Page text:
Liquid Chiller Standards

Your liquid chillers must meet varying standards, dictated by factors like your location, industry, and application. Regulations are particularly stringent when chilling products destined for consumption, such as medicine, food, and beverages. In such cases, compliance with FDA and/or USDA standards is essential. Furthermore, due to the involvement of potentially hazardous refrigerants, EPA and/or OSHA approvals may be necessary depending on your setup. It’s advisable to ensure your chillers also adhere to AHRI specifications for comprehensive compliance.

Things to Consider Regarding Liquid Chillers

To secure a top-notch liquid chiller, partnering with a trusted manufacturer is key. To aid you in this quest, we’ve curated a roster of reputable manufacturers, accessible on this page. Each one boasts extensive experience and rigorous vetting. However, while all excel in their own right, not all may perfectly suit your needs.

To identify the ideal manufacturer among these options, we suggest starting by documenting all your specifications, requirements, questions, and concerns. Make sure to include your budget, timeline, preferred delivery and installation support, as well as post-installation requirements. Next, thoroughly review the products and services offered by the companies listed here. Continuously refer to your checklist for comparison. Choose three to four liquid chiller companies that best meet your application needs and request a quote from each. It’s advisable to engage in phone conversations to gauge their customer service approach firsthand. Once you’ve conversed with your top picks, analyze their responses and make your selection accordingly. It’s a straightforward process that ensures you find the right fit.

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Chiller Informational Video


Liquid Chillers Power Pages

Air Cooled Chillers

Air Cooled Chillers

Air cooled chillers are refrigeration systems that cool fluids and work in tandem with the air handler system of a facility. Air cooled chillers are types of chillers that rely on the use of fans to reject heat outside the...



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Glycol Chillers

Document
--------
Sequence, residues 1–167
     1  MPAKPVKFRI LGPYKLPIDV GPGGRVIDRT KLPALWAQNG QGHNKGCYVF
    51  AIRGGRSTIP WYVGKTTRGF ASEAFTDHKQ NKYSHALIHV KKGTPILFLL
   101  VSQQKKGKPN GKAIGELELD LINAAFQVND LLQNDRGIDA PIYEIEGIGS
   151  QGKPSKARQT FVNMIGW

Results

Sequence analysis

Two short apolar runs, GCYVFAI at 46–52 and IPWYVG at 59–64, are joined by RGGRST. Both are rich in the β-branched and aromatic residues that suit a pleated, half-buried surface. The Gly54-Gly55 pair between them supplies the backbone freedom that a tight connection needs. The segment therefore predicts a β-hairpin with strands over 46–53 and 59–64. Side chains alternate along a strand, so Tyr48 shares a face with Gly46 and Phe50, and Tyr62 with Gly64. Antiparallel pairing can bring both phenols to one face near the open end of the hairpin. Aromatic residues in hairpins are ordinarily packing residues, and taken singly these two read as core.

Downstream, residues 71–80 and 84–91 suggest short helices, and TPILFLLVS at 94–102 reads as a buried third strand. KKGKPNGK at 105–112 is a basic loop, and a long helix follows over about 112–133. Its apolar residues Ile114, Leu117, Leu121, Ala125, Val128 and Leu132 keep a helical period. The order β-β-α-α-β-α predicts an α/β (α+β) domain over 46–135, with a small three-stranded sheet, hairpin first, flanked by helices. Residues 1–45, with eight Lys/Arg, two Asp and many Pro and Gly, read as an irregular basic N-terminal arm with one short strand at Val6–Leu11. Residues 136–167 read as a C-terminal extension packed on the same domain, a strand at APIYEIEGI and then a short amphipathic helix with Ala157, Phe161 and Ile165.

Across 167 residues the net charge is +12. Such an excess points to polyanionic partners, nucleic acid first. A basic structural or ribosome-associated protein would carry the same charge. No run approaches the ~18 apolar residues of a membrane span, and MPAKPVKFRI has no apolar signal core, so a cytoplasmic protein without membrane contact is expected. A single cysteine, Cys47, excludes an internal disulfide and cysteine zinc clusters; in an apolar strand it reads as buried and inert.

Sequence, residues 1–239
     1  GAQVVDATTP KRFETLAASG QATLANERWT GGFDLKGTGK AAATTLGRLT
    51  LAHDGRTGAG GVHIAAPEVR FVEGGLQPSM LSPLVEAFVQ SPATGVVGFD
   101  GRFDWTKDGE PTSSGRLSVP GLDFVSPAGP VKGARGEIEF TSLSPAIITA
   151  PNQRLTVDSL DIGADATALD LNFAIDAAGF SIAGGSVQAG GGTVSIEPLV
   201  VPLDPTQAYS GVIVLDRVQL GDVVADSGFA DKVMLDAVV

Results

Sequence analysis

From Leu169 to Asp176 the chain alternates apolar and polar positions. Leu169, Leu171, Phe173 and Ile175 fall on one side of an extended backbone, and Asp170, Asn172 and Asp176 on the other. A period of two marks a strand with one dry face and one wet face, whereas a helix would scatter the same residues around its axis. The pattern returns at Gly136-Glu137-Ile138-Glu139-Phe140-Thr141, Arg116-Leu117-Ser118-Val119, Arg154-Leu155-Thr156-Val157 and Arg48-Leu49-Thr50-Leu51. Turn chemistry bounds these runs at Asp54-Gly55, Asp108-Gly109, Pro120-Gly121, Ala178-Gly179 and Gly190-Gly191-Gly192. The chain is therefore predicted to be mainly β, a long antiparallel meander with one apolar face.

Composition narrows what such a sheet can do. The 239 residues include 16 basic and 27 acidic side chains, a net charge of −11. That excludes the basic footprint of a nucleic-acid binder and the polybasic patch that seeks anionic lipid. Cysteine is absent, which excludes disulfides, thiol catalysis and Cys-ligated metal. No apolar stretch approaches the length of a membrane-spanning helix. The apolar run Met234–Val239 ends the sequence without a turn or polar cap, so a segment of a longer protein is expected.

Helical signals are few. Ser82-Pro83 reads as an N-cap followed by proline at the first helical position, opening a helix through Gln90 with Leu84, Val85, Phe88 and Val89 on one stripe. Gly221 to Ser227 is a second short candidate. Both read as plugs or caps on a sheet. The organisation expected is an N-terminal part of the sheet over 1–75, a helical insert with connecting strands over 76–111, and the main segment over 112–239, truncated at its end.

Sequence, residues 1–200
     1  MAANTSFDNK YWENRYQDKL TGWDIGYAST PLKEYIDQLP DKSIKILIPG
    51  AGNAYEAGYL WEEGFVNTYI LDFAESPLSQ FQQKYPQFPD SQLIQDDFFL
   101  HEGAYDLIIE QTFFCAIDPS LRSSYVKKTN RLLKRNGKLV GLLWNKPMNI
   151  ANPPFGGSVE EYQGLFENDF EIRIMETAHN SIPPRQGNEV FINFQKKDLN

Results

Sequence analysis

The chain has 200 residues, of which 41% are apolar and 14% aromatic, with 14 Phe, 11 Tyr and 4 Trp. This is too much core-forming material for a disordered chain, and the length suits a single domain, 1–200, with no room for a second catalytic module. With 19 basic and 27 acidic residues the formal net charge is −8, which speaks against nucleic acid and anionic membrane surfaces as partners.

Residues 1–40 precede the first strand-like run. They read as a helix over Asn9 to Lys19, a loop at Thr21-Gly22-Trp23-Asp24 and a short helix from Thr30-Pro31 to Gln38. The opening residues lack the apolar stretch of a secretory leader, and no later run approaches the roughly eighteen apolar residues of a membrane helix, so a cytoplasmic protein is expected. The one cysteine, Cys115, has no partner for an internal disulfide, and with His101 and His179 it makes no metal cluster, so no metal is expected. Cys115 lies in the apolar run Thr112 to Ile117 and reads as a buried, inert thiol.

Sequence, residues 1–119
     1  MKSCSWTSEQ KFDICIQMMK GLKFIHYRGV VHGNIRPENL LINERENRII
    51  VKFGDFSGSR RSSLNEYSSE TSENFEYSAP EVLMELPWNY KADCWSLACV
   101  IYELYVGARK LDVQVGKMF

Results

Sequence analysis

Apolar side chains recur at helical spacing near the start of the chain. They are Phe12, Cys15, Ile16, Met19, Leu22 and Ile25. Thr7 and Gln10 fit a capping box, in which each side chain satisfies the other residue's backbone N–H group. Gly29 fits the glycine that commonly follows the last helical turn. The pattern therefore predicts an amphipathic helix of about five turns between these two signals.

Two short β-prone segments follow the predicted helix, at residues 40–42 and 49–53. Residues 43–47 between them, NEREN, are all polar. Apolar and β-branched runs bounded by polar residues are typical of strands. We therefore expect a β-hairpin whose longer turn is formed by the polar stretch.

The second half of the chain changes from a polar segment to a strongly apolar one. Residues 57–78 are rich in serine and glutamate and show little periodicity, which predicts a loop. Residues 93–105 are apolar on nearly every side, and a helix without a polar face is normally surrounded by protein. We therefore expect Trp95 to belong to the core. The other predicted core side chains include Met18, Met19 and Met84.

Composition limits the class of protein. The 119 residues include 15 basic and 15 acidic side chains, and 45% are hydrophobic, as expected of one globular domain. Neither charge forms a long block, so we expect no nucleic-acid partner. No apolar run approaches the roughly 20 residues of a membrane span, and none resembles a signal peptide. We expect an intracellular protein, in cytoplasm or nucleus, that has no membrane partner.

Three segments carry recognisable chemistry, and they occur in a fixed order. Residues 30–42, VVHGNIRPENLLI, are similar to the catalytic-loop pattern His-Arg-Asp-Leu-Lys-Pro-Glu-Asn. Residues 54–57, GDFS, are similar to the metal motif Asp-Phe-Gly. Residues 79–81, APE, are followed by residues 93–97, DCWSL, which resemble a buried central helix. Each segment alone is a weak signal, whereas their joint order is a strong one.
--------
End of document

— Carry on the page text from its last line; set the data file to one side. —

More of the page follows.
Glycol Chillers

A glycol chiller is a chilling system that uses a percentage of glycol mixed with water to create extremely low temperatures far beyond the freezing point of water. The two types of glycol are ethylene glycol based or propylene glycol based...

Laser Coolers & Laser Cooling

Laser Coolers & Laser Cooling

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Water Chiller

Water Chiller

A water chiller, or chilled water system, is a type of refrigeration system which uses water as a secondary refrigerant. They are used for larger, more complex, heating, ventilating, air conditioning, and refrigeration (HVACR) applications...

Cooling Towers

Cooling Towers

Cooling towers are specialized heat exchangers that remove heat from water mainly by means of latent heat loss from evaporation while coming into contact with an airstream. Aside from evaporative cooling, water is also cooled by sensible heat transfer due to the temperature difference between air and water...

Heat Exchangers

Heat Exchangers

Heat exchangers are pieces of equipment used to transfer heat between two or more fluids. This process usually involves abundant working or utility media such as water or air that rejects or absorbs heat from a more valuable fluid such as crude oil, petrochemical feedstocks, and fluidized products...

Plate Heat Exchanger

Plate Heat Exchanger

A plate heat exchanger (PHE) is a compact type of heat exchanger that utilizes a series of thin metal plates to transfer heat from one fluid to the other. These fluids are typically at different temperatures...

Steam Boilers

Steam Boilers